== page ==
Rock Docs II

film 2 of 4

Louie Bluie

Film Review by Dean Duncan Apr 17, 2014

Terry Zwigoff’s biography of country-blues musical pioneer Howard Armstrong has much to recommend it. It’s a direct, straightforward record of any number of piquant authenticities, sharp particulars that hint at deeper currents and patterns. We get vivid characters that suggest vivid pasts, giving us a sense of all sorts of important historical and social and ideological realities. You can see where the servile negro came from. More importantly, you can see where noble Impertinents like Armstrong might have come from. At the same time—allowing for a little nostalgia or affectionate idealization—this also very much takes place in the present tense. As such, it comes across as a pretty important portrait of active, irrepressible old age.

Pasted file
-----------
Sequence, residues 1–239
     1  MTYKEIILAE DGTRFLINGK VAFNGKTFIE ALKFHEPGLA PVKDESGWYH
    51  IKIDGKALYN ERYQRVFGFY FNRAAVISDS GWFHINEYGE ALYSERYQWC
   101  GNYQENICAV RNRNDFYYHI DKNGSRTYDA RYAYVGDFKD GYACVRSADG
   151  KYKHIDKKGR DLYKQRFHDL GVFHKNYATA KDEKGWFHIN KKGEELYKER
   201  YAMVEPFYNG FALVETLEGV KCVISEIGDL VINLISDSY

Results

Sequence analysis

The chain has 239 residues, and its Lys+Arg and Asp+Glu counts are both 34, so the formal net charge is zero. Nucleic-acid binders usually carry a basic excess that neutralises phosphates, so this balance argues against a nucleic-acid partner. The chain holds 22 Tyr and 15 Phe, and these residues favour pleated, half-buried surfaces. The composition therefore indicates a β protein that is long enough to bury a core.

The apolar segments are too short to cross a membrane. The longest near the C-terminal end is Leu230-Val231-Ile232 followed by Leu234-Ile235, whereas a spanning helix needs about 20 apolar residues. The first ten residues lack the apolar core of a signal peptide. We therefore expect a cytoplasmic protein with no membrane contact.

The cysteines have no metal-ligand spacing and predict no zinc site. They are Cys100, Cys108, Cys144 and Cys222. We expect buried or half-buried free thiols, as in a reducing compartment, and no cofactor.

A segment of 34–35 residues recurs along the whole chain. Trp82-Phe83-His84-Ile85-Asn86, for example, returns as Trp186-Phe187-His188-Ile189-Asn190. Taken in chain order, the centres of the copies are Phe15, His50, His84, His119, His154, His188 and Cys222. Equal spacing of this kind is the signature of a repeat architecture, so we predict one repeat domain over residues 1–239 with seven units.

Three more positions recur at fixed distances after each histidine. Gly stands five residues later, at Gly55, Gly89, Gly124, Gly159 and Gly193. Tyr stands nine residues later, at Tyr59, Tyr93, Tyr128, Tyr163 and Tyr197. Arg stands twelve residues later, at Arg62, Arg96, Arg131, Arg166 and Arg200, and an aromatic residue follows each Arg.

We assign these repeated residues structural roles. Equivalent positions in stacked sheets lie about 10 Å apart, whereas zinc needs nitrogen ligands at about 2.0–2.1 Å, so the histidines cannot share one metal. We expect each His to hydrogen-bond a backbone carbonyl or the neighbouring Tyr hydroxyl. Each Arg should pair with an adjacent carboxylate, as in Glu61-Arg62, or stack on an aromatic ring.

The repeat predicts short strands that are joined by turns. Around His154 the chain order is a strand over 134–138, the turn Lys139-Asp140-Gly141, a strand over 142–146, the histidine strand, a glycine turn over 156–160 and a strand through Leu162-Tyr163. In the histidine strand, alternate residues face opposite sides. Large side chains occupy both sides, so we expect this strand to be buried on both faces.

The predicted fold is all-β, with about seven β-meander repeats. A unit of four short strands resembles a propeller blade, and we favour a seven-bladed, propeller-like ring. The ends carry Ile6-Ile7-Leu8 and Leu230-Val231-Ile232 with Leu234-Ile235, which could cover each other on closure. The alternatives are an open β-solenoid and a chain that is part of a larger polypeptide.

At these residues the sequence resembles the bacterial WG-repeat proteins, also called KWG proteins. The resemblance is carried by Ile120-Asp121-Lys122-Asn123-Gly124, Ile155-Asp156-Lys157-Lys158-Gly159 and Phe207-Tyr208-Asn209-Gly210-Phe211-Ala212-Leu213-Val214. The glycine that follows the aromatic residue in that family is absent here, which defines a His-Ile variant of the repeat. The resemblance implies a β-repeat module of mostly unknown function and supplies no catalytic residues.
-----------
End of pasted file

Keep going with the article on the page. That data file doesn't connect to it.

More to the point, at least for this viewer, Louie Bluie also comes across as a celebration of a corrupt, corrupting man. Armstrong is certainly a character, fiercely intelligent, rawly and multiply talented. But in the end he basically registers as a septuagenarian Gene Simmons. Let’s bemoan the fact that the Pat Boones of the world stole the thunder and the revenues from the authentic artists. Let’s dig up the roots, and appreciate the vigour of archetypal art and the elemental artists that produced it.  (The Blues, etc.) But let’s not celebrate Storyville too much.